The China Surveillance Skew

Published Jun 12, 2013 04:00 AM
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Many like to make decisions based on market statistics. It gives (misleading) comfort about what the right move is. For instance, if the market is X billion or growing at Y percent, then our plan for Z is right. Unfortunately, statistics are routinely misunderstood or misapplied. In the surveillance industry, perhaps the most critical distractor is the impact of the Chinese market. In this note, we examine statistics and projections, showing how decisions can be badly skewed based on global numbers.

China is obviously big and growing faster than the world average. The challenge is when those numbers are mixed with the entire world, it skews the perception of the market.

For instance, many talk about the growth rate of the surveillance market being 10% or higher. However, almost every analyst's projection is based on 20%+ growth for China. When you remove China, or just focus on America or Western Europe, the growth rate is significantly, often alarmingly, lower.

These slides from a recent IHS/IMS presentation [link no longer available] show this in action. For the last decade, Asia/China has grown far faster than the rest of the world and, by their estimation is more than half the global market. Equally importantly, projections are for Asia/China to continue to outpace the rest of the world:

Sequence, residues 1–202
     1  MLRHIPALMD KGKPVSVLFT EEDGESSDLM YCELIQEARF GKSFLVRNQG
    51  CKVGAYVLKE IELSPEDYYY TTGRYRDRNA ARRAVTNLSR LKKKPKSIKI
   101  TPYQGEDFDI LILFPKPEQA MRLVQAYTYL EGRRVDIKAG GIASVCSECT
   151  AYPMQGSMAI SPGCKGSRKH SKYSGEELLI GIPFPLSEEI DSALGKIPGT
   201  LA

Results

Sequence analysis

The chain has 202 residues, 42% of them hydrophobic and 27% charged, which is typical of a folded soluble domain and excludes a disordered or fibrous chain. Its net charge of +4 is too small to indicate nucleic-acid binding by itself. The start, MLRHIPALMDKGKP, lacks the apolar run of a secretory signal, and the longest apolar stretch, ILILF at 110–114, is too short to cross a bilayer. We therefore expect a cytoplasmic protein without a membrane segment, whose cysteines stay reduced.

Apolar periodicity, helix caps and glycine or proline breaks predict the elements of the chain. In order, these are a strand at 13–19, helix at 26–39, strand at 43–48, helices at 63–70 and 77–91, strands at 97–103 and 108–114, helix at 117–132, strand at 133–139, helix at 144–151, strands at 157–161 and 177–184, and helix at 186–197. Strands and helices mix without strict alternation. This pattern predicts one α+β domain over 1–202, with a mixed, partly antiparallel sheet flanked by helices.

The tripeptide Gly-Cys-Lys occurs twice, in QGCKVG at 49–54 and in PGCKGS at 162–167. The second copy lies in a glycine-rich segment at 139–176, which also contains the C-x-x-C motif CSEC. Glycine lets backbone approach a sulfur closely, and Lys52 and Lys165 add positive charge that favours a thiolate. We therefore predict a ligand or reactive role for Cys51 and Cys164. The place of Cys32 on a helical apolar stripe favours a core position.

Below, the chart breaks down surveillance revenue by country, with the biggest by far being China:

One obvious huge driver is the Chinese government deploying numerous multi hundred thousand camera deployments, orders of magnitude bigger than even 'huge' American systems.

IP uptake is also skewed by China's size. In that same presentation, IHS/IMS estimated that, on a unit basis, IP cameras were only 16% of all surveillance cameras last year (though close to 50% based on revenue). However, these numbers belie how much stronger IP is in the USA and Western Europe because of how big China / Asia is.

What This Means

Most people reading this, in English, are unlikely to benefit from China's growth. If you can, that is great, but realistically integrators in London or Los Angeles have no shot at sales in China. Even manufacturers in Europe and America are unlikely to do well inside China (e.g., Axis generates 50%+ of its revenue from the Americas with only 12% from Asia at a modest growth rate).

The bottom line is that any global pronouncements for the surveillance market need to be downshifted for those outside of China (specifically USA and Western Europe) or potential will be greatly overstated.

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